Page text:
Sheer "You do know that the system you speak so highly of regularly sends innocent people to jail, or to death…" Regularly? Based on what? I don't believe every alleged report on the web or media about innocence on death penalty cases. I have a lot more confidence in our justice system then the web or media - all of whom speak with great inaccuracy, and direct lies. And all of these people love having millions of babies murdered simply for convenience and cover up sexual orgy, all the while lying about "safe" sex. With this world view, just how much can you trust them? I examine where the info comes from and judge it accordingly. Does that make me a follower of the world? I don't like innocent people being charged and I also don't like guilty people going free. Both happen in our system. Death penalty cases get far more appeals and benefits of slim doubts then they deserve imo. There are probably hundreds of obvious convicted cold blooded murders in California living off my tax dollars and sucking them away from the needy. I am not okay with that. This is mostly due to a few folks who can deceptively manipulate the laws that call for their death. "Whom, Tim, do you follow, G-d, or the world?" If I followed the world I would be believing what they say about all the falsity in the courtroom. I would not question the horrendous views these folks have about life and death. I would take it all in. But I don't. I gave you scripture from the New, not the Old Testament about the authority God has given men to avenge evil doers. You have not said a word about that. I believe that grace and mercy includes freeing victims of horrendous crimes and society as a whole from being forced to pay for food, lodging and every need of evil doers. Do you have a basis for me that says I should believe everything the world says that is anti-death penalty or that suggests someone going there is innocent?

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sheerahkahn

September 28, 2011  11:32am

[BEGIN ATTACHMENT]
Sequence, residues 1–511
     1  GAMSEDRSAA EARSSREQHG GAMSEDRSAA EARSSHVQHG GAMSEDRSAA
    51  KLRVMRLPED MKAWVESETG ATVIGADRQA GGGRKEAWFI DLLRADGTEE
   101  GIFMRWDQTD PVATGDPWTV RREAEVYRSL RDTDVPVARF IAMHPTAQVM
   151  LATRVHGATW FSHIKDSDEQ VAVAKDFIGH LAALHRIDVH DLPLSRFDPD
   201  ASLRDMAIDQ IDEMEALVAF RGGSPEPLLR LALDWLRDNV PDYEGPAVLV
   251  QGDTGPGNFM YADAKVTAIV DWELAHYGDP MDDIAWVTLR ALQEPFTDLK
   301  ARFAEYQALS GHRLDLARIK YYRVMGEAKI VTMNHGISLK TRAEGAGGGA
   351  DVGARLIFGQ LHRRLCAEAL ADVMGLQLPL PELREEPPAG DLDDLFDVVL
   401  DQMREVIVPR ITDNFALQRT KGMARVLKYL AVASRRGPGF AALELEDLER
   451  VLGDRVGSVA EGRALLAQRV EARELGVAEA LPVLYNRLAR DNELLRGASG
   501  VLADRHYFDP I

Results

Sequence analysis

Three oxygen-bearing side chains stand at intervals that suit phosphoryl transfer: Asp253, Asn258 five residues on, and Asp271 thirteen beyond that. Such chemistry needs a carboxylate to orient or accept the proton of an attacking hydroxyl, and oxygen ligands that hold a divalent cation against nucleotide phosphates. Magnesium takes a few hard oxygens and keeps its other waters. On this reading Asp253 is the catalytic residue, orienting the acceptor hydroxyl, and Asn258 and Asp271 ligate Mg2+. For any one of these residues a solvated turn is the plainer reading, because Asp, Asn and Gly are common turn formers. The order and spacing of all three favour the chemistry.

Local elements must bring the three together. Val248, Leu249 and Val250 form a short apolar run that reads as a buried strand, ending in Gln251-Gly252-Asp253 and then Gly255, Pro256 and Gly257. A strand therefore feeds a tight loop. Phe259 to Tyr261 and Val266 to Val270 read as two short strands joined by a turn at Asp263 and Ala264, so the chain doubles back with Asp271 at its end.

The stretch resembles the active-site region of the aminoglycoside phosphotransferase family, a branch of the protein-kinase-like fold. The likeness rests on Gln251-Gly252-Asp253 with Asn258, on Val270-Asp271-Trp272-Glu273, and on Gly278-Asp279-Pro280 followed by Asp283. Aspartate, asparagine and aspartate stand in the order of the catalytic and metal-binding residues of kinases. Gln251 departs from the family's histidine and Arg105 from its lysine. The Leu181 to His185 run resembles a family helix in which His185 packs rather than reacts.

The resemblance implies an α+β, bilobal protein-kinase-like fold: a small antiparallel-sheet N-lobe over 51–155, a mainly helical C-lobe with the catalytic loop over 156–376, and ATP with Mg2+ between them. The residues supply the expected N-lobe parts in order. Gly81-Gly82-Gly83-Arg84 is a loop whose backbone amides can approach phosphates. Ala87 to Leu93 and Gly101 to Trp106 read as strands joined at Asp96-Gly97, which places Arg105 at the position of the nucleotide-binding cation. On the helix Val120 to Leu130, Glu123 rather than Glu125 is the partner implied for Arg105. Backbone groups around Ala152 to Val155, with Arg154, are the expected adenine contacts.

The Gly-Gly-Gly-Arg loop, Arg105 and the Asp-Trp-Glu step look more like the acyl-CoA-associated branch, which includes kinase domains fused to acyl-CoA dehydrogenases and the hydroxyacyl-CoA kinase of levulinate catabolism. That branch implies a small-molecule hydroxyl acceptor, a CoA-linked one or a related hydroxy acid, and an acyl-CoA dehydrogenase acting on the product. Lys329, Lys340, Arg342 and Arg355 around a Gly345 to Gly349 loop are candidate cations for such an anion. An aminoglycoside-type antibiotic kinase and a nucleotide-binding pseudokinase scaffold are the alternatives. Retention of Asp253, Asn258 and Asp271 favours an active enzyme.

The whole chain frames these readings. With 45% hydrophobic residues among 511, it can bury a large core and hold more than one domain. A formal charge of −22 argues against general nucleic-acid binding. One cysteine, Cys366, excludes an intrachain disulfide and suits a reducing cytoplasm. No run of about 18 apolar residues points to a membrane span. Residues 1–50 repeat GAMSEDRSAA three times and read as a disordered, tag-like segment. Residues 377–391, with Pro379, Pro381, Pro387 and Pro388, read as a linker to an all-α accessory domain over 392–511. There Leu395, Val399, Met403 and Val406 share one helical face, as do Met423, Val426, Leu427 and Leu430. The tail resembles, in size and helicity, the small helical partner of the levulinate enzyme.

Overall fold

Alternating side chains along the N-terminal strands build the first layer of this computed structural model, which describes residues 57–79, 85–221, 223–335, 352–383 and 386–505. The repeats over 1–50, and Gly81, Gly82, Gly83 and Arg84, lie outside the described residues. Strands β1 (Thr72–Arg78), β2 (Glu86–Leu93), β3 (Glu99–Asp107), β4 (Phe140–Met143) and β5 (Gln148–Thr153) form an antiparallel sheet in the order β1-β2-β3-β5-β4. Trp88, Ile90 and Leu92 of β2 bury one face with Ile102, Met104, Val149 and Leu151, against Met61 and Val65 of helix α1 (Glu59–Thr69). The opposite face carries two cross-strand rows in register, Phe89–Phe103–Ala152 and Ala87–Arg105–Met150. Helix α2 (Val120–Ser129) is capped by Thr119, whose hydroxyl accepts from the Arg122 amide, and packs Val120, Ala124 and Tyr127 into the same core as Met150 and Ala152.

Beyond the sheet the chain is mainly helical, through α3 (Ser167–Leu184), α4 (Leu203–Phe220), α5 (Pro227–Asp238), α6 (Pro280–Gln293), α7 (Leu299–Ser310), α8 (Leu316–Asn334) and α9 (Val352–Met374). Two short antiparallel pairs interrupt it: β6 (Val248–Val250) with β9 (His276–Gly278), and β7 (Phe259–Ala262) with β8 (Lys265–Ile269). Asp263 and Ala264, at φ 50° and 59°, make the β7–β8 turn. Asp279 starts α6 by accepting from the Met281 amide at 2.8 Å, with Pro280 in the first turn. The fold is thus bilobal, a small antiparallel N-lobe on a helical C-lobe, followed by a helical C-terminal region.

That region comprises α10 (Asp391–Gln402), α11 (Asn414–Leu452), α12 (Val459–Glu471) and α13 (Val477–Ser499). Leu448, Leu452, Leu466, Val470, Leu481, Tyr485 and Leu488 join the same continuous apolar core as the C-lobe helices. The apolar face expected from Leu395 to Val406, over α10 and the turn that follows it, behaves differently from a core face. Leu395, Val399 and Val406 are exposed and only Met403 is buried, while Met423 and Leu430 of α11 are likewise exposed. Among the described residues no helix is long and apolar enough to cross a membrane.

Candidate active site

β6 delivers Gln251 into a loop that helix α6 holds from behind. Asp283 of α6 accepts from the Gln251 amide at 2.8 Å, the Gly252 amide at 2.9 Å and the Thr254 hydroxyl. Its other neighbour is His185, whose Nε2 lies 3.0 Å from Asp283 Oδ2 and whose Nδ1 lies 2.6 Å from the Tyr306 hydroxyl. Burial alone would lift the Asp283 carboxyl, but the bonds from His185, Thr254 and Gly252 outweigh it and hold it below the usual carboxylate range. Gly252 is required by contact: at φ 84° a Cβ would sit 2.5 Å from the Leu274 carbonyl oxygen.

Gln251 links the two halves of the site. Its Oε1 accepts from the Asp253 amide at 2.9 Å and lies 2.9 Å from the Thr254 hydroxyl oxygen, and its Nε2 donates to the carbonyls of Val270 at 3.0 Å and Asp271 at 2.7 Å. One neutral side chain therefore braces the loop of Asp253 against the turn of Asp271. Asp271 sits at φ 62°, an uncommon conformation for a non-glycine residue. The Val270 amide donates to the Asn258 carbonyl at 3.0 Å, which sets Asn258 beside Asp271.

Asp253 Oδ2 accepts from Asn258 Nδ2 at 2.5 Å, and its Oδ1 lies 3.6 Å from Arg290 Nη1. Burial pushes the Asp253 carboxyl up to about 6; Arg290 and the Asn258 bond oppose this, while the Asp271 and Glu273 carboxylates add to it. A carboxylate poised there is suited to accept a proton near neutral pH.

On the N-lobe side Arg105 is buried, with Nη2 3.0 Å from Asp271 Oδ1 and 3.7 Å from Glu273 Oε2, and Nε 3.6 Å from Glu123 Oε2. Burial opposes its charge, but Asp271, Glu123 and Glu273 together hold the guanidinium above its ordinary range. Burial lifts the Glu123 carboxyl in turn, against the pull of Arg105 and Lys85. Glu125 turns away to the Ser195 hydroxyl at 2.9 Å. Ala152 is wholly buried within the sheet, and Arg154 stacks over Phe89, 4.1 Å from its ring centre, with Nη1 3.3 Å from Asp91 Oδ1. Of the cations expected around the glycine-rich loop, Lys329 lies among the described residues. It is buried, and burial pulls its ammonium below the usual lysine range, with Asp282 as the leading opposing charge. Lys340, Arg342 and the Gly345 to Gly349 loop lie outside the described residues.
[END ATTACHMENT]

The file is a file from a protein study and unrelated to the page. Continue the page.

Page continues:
Tim, I'm going to take this opportunity to rephrase because I was quite surprised by what you wrote...so, this is what I am thinking as I reread your previous post...and to be honest...I reread it five times...each time reassessing my reaction to find why I was surprised and curious at your response... _____________________________________________ You do know that the system you speak so highly of regularly sends innocent people to jail, or to death even though the evidence contradicts statements of the State and of witnesses, with often times, later on unfortunately, it being too late to set things right...so tell me, how do you square this statement "...and not for their moral claim that the death penalty is good for society and their fight against those who smear, corrupt, and lie about it." With that fact? Who am I, you say, but the question is, how is it you can be so certain of your "moral" claim when the evidence of falsity in the Courtroom is not an abberration, but a common occurrence? And now, my perspection... Whom, Tim, do you follow, G-d, or the world? That Tim, is what I see overwritten on your post, and by association of my own curiosity, why I find it fascinating because you are a first for me... passionate about G-d, and yet seemingly slaved to a world system/view that at best should be mistrusted, and at worst, patiently forgiving of it's failures...because, as I see it, the world does what it does because it knows no other way, and yet with you, as I said, seems to me, the only way. Too me, and this is what comes through in your writing...that you are cemented in old-testament legalism, and yet tenderly trying to massage the Grace and Mercy of Y'shua into your world view so that you can enjoy the benefits of grace and mercy yourself while still reserving the right to throw down the gauntlet of Law on those you deem needing a little old school correction without concern of actual guilt or innocence. Part of me refuses to believe that anyone can be so callous, and yet my experience with people has often, disappointingly, disabuses me of my disbelief. I am hoping that, yes, there is a misunderstanding...on my part...of your thinking. I prefer to be wrong on this, than right.